FilmJerk Favorites

A group of unique directors and the essential works that you've got to see.

||| Rob Reiner |||
Rob Reiner

Son of comic genius Carl Reiner, Rob Reiner has picked up the family torch and directed some of the most memorable, quotable, and endearing comedies of the last two decades, and he’s no schmuck when it comes to dramas either.

This is a hilarious spoof filled with biting satire about a filmmaker making a documentary (or “rockumentary” if you will) about a once famous raucous British heavy metal band on a disastrous U.S concert tour, featuring the magnificent talents of co-stars/co-scripters Christopher Guest, Michael McKean and Harry Shearer. This granddaddy of the mocumentary speaks to the hard rockin’, air guitar playing 14-year-old boy in us all.

In this low-key sleeper hit based on a Stephen King story four young boys in 1959 Oregon set out on a camping trip in order to see a dead body one of them accidentally found. This is a loving memoir to a simpler time with an exceptionally talented young cast tentatively taking the steps on a road that leads to maturity.

Reiner turns a wry, even caustic, eye on men and women in friendship and in love, and that gray area in between. This is an engaging and smartly performed comedy about a pair of longtime platonic friends who turn a feud into a lasting friendship, determined not to let sex mess up a great relationship, until love threatens to ruin everything.

Recommended by CarrieSpecht

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Monsieur Verdoux

By CassyHavens

December 13th, 2008

Story idea by Orson Welles. Written and directed by Charles Chaplin. Set in Paris. With that pedigree I expected far more from "Monsieur Verdoux." Intending to be a dark comedy, "Monsieur Verdoux" also tries its hand at many other genres, and in doing so it is lost.

Monsieur Verdoux

Monsieur Verdoux, played with desperate charm by Chaplin himself, marries and murders wealthy women in order to take care of his real family, including a child and invalid wife. Having lost his position of 30 years, with the turmoil of the world surrounding him in the Great Depression, he takes to his new venture as if it were no more than a new job.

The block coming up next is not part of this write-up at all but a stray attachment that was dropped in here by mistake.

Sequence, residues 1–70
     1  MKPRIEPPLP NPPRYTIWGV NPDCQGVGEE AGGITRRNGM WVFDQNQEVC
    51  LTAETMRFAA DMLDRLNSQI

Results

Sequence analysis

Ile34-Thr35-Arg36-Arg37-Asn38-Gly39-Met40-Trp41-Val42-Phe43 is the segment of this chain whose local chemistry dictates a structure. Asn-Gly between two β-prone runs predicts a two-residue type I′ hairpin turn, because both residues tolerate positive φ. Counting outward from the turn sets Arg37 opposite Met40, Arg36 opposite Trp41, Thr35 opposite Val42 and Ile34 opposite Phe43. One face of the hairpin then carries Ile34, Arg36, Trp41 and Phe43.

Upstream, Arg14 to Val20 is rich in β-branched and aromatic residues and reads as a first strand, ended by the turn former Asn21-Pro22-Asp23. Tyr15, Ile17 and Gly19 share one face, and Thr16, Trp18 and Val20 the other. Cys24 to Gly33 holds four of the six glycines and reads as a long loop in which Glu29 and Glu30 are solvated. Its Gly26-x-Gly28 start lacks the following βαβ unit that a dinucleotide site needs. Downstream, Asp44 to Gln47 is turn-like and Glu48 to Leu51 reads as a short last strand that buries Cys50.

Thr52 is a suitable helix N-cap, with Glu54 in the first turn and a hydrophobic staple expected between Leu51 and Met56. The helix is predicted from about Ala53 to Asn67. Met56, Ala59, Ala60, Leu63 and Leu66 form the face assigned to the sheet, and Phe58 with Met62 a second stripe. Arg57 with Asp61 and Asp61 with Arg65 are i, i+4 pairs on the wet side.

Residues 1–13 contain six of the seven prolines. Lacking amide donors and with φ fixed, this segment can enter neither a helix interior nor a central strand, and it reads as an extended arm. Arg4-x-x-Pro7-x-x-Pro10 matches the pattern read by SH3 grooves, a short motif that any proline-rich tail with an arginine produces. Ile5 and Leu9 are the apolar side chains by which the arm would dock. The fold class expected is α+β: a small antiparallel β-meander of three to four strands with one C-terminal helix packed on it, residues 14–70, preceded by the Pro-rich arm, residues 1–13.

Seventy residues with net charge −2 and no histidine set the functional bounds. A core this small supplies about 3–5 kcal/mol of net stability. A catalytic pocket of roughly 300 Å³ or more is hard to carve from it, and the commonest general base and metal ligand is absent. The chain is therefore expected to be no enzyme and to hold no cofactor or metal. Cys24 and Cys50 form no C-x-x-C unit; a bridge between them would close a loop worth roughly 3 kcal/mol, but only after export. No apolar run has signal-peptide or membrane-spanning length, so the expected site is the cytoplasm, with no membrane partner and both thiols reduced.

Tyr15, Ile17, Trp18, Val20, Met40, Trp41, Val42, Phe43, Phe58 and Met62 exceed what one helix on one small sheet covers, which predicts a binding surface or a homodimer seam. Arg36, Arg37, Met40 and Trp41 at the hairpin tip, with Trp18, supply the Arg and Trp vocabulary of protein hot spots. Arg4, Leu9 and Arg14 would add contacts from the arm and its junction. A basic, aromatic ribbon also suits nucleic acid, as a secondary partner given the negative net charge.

He travels all across France, visiting his various wives and murdering them once they have withdrawn all their money due to his convincing stories of another impending bank run. This leads to his downfall, when the family of one of his dead wives appears at the wedding to his new wife. Should have spread them out more, Verdoux. One in Italy, one in Belgium, another in Spain.

Here's part of the reason the film fails: he doesn’t seem to care about anything. He doesn’t care the least for any of his wives. Even the one he is murdering for. When he does go home, he sits across from his pretty family, aware that he does not belong with them.

The other part I chalk up to poor writing. The dialogue is rather flat and uninspired. The few comic moments are purely physical and sight-based, with none of the wit and whimsy of “Kind Hearts and Coronets” or even “Harold and Maude.” There are a few gems, including his repeated failed attempts to kill his lottery-winning loudmouth wife, but even these feel tired.

The only truly great part of the film occurs toward the middle of the film, where Verdoux picks up a lonely girl on the streets, intending to kill her to see if his new poison can be detected. After speaking to her, Verdoux discovers that this girl is a kindred spirit, and decides not to kill her after all. Their touching exchanges are the only heart in the film.

As a comedy, it’s not funny. As a dark study of a morally bankrupt man, it’s too light. When it tries to be some kind of social commentary, comparing Verdoux’s actions with those of Hitler, it falls flat.

Not a terrible film by any means, but no where near as good as it should have been. If you’re in the Los Angeles area, you can check it out for yourself on the big screen this week at Landmark's Nuart Theatre.

My rating: C+